MInTheGap

Standing in the Gap in a Society that's Warring with God.

Is Vacation Bible School Relevant?

July 24th, 2007 Visited 1582 times, 1 so far today
This entry is part 1 of 4 in the series VBS in the 21st Century

This whole week I will be helping out my parents with their church’s Vacation Bible School.  VBS is an interesting, yearly event specifically because I’m not sure exactly what role it has in the modern church.

At one point in time VBS was a time for children to be able to get Bible education during the summer.  It was held during the day and could even last for up to two weeks.

It was also during the time of the big tent meetings, of prayer in schools, and a general acceptance of God.  It was an outreach of a church, and it gave everyone a chance to hear Bible stories.

The current incarnation of VBS (at least those that I’ve been involved with) is different.

  • It reaches primarily those that already know– why should you go to VBS at a church if you’re not religious?
  • It reaches kids from like minded churches– it does not seem to be reaching new people, but parents who shuffle their kids from place to place to be entertained.
  • It does not have good follow-up for those new people that come.
  • Since it has an audience of mostly churched children, it is too elementary in the faith to actually promote growth.
  • It’s become almost formula, with multiple different “vendors” creating material in multiple different formats (same lesson through out the week vs. different lesson every night).

So, let’s not just talk about VBS and what it has become, but let’s discuss some of the challenges of the modern VBS, and take this week where I’m working at a VBS to suggest ways that our churches could do it better.

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  • Michelle Potter says on: July 24, 2007 at 9:57 am

     

    In my community VBS is often a way to reach unchurched children. Often VBS is free and lasts all day, so community parents who would otherwise be completely uninterested in church see it as a way to get free daycare. I think that’s fine since it reaches children who normally couldn’t be reached due to their parents disinterest.

  • MInTheGap says on: July 24, 2007 at 10:58 am

     

    Wow, an all day VBS. That’s something I’ve never come across. It makes sense if you have the people, and it could certainly benefit the children and community– much more than just a few hours. How much work does your church do to prepare for something that big?

    I could see a lot of potential to reach a lot of different church backgrounds– you could reach the churched and the unchurched and meet needs– wow. What a concept.

  • Anna says on: July 24, 2007 at 11:42 am

     

    My most memorable VBS was one that was not “canned” or a copyrighted package deal. We sang songs, memorized Scripture, made artwork, played outside. If we had memorized all of the verses by the end, we got an ice cream social! This was the dark ages of 20 years ago…ahem.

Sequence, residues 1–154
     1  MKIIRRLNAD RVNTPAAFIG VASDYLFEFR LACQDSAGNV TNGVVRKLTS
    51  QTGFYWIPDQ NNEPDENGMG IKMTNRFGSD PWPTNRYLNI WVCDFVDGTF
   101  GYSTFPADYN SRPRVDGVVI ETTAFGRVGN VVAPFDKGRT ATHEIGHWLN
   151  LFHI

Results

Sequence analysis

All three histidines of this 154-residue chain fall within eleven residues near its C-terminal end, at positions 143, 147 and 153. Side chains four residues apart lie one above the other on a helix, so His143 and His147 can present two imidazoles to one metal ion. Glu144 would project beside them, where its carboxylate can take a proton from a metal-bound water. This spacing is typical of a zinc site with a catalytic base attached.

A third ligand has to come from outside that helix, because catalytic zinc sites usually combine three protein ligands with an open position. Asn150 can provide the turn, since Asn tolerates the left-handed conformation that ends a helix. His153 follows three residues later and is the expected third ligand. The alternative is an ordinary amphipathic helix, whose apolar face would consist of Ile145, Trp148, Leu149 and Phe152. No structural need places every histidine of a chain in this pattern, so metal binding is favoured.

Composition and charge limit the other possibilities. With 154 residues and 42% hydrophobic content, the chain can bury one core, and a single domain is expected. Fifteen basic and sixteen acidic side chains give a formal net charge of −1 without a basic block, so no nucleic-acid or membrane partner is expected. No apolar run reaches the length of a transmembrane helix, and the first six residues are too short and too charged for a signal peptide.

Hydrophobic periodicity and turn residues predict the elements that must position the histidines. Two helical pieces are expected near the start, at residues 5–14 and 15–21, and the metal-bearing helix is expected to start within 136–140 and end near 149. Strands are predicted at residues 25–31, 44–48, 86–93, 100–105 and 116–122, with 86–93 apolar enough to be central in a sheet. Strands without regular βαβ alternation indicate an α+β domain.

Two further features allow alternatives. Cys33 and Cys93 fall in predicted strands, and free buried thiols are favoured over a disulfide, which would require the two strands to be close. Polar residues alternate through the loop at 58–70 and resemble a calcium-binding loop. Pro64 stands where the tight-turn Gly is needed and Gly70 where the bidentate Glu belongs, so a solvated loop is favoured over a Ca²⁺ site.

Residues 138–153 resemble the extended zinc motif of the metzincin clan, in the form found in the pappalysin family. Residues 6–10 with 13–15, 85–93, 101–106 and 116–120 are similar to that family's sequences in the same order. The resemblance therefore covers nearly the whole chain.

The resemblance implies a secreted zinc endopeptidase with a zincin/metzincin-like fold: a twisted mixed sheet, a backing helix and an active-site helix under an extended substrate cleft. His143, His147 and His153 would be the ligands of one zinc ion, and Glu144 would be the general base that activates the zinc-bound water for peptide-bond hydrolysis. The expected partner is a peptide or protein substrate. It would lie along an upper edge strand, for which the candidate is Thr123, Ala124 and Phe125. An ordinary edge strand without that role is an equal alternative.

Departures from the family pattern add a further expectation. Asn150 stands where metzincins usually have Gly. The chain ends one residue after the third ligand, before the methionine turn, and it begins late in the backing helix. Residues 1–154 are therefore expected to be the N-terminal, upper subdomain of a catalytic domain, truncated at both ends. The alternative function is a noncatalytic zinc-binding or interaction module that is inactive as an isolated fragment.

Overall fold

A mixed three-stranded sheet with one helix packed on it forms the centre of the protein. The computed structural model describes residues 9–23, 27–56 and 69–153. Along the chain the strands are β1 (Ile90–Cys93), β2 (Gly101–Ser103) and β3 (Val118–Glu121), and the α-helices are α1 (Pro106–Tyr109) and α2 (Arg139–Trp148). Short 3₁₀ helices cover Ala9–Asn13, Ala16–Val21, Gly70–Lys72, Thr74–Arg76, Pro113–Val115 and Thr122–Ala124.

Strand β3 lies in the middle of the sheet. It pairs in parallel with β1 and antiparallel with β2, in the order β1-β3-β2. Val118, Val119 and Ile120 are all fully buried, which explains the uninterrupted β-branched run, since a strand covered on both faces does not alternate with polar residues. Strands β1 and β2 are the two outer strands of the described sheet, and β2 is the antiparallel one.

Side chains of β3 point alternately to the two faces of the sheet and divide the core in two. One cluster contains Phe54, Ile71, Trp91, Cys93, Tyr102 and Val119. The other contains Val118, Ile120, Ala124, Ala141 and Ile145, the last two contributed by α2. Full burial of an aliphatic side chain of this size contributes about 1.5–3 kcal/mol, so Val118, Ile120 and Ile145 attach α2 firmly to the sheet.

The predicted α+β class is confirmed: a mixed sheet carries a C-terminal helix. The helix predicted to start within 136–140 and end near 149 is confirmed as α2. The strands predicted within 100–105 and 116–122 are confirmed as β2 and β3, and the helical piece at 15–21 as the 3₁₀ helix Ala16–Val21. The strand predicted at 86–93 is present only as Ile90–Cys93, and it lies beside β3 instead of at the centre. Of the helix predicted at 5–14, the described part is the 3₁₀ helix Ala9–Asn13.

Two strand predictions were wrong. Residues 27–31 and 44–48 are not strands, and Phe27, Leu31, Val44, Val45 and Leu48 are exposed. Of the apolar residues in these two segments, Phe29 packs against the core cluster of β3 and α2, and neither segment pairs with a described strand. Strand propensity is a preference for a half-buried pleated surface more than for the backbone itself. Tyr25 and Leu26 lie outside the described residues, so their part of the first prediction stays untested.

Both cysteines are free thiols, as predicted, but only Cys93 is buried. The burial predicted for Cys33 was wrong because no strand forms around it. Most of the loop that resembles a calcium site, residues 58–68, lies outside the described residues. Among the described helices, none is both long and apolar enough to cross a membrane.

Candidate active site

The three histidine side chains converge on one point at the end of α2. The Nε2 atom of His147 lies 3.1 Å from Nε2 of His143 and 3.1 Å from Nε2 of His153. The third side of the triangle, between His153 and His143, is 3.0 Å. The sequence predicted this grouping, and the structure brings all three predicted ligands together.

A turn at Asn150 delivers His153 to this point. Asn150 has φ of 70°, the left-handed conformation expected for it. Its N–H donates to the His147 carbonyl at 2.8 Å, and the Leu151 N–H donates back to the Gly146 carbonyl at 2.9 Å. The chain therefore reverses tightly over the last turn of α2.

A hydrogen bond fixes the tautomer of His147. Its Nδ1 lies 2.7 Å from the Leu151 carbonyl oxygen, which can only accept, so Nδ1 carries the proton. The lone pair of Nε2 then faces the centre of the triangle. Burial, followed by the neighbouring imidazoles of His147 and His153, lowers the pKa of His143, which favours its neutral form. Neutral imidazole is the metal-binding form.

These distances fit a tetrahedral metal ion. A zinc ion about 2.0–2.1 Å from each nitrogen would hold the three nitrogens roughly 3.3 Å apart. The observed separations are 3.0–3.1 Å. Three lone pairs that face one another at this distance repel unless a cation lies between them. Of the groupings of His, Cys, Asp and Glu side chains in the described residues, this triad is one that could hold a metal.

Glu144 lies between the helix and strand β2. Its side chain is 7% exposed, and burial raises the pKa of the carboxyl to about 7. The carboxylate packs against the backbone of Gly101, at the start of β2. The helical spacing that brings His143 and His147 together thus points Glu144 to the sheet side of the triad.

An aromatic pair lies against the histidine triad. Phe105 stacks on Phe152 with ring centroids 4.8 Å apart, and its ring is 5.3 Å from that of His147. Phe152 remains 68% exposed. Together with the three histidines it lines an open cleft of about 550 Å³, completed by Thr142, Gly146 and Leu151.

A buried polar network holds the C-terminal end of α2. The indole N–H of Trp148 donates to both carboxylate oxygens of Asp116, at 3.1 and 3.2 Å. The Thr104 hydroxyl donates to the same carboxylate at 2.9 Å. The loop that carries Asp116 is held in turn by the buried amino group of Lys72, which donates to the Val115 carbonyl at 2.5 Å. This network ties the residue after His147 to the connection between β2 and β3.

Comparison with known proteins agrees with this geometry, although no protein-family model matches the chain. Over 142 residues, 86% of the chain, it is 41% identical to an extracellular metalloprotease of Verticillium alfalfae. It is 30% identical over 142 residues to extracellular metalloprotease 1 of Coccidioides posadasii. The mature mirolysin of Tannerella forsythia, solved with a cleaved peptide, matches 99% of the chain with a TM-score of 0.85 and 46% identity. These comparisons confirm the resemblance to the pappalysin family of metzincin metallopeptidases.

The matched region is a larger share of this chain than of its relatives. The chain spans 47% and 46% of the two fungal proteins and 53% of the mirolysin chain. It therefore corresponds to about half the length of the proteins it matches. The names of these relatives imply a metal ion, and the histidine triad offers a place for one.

Yeah, that was spiritually lite and there were no unchurched children present, but it was a fun social time. So, the question I’d pose is,

    “Is VBS a social time or a spiritual time? Or do they necessarily need to be separated?”

  • Michelle Potter says on: July 24, 2007 at 12:43 pm

     

    I’m not really sure how much work went into getting everything ready since our family were guests rather than volunteers. (The church we attended then was much too small to host VBS — when we moved away they no longer had enough children even for Sunday School.) However, it seems to me that since many churches already have daycares or preschools, an all day VBS shouldn’t be too difficult. I know our current church runs a school, though I have been home-bound all this summer so I don’t know if or how they did VBS.

  • Mary says on: July 24, 2007 at 8:28 pm

     

    VBS curriculums certainly cost a bundle these days…I’m for Anna’s idea of a church coming up with their own VBS. We have puppets, which would add to the fun…but if I suggest it, I’ll have to plan it! Lol. But I’m not wrapping my head around that right now having just finished directing our church VBS program last week!

    I appreciate VBS. I know we had quite a few children from other churches in addition to our own, and we also had 3 that desperately need Christian influence…who from all appearances seem to come from highly dysfunctional families. The poor things reeked of neglect and just ate up all the Bible stories and love we could give them.

    I think having a summer Bible club that meets once a week during the summer would be beneficial. (of course, it would kind of be like AWANA, and summer is a break for the AWANA workers) But I wouldn’t throw VBS out yet, it sure is a great encourager, I’ve seen it in both my older girls. They just embrace the guidance and really seem to take it to heart.

    God bless your own VBS experience this week!

  • MInTheGap says on: July 25, 2007 at 9:10 am

     

    So far, it’s going well. Though I think that because we’ve done the “move from room to room” each of the past years the kids expected to move, and that’s made some of the children think that staying in the same place is boring. Or maybe it’s just their speaker!

    In any case, I still think there’s a long way we can go to make it the best it can be.

MInTheGap

Standing in the Gap in a Society that's Warring with God.

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